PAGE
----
I’ve been asked how to make soap over and over. Soap making is my number one passion. If I have a day to do nothing, I’ll just make soap all day.
Today I show you how I do it.
A bit of my soapy history
In 1994 I came across a book on soap making and thought, “Well, gee, it can’t be too hard.” I remembered my great grandmother from Sweden had made soap, and so had my mother when I was much younger. I gathered my ingredients and set forth to make soap. The first batch turned out great, then the next, but the next after that was a dismal failure. What did I do wrong? I decided maybe I should take a class. I contacted the local adult education center and found the instructor had left the area. Would I be interested in teaching? I got talked into it and started the following January. I taught soap making for a total of 11 years in Minnesota. When I came to North Carolina in 2004, I had to hunt around a bit to find a venue, but ended up at a local college in 2007 and have been there ever since. I teach soap making along with other natural product classes. I also sell my soaps and other products online, at local tailgate markets, and at the state fair each year.
The basics of soap making
Soap making can be very simple or you can make it as complicated as you like. The beauty of making your own soap is that you can make it with the ingredients that you choose and the fragrances that you like. Adjustments aren’t hard, but take some practice. Most all soap recipes use ounces or grams and ingredients must be weighed to get good results. I’ve found a way to simplify the process by converting the ingredients to cups and portions of cups. It’s much easier and you get the same results time after time.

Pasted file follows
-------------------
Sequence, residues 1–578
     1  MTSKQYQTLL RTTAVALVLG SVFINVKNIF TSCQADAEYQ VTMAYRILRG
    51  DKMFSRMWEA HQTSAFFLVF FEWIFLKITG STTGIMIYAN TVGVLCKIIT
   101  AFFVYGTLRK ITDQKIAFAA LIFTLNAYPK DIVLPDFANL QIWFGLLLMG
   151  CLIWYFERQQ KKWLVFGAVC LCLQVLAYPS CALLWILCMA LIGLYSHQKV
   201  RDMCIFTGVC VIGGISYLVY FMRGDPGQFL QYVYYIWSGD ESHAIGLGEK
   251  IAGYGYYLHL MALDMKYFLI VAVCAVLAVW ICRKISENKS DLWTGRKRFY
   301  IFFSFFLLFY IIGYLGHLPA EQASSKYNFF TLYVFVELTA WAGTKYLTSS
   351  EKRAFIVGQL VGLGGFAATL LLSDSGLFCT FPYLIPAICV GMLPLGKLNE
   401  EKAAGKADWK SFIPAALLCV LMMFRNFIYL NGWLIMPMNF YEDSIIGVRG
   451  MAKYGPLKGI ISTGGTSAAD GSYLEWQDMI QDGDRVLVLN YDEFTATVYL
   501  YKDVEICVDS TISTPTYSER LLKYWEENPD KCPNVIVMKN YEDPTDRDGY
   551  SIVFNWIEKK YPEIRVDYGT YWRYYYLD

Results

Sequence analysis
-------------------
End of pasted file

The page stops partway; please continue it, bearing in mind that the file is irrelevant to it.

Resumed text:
A word about Lye
The one thing in homemade soap you can’t substitute is lye. You should always use 100% sodium hydroxide, or lye in crystal form. Don’t substitute liquid lye or drain cleaners such as Drano. These may cause inaccurate measurements or have bits of metal in them. You don’t want either.
Lye is caustic. It can eat holes in fabric and cause burns on your skin. Always be extra careful when using lye. Use gloves and eye protection and a mask if desired. When you mix the lye with water, it will heat up and fume for about 30 seconds to a minute. It may cause a choking sensation in your throat. Don’t worry, it’s not permanent and will go away after a few minutes. Always add lye to water (not water to lye), and start stirring right away. If allowed to clump on the bottom, it could heat up all at once and cause an explosion.
Even though lye is caustic and dangerous to work with, after it reacts with the oils in your soap (through a process called saponification), no lye will remain in your finished soap.
When making soap, use equipment that will not be used for cooking. While you could clean everything really well, it’s best not to take a chance. Stainless steel, tempered glass and enamel are all good choices for mixing bowls. Don’t use copper or aluminum, they will react with the lye. Some plastics may melt, so don’t use plastic bowls. For spoons, use styrene plastic or silicone. For molds, you can get soap molds at your local craft store or online here, or use silicone baking pans (like this). These are great because you can peel the mold right off. Other things you want to have are a pint and a quart canning jar, newspaper, a stainless steel thermometer that reads between 90° and 200° (find it here), an old towel, and any additions you want to add to the soap.
There are as many variations of soap as there are colors in the rainbow. You can literally do almost anything. Here are the basics of additives:
All herbal material must be dried. Lavender is popular, as well as chamomile. I love lemongrass and oakmoss, though not together. Use about ¼ cup of dried plant material per batch of this size. (Find high quality dried herbs here.)
Essential oils are from plants. They come from the roots, stems, flowers or seeds. Fragrance oils can be blends of essential oils or they can be artificially produced. Be sure you know what you have. Most oils can be used at the rate of 15-20 drops or around a teaspoon per batch of this size. (Find 100% pure essential oils here.)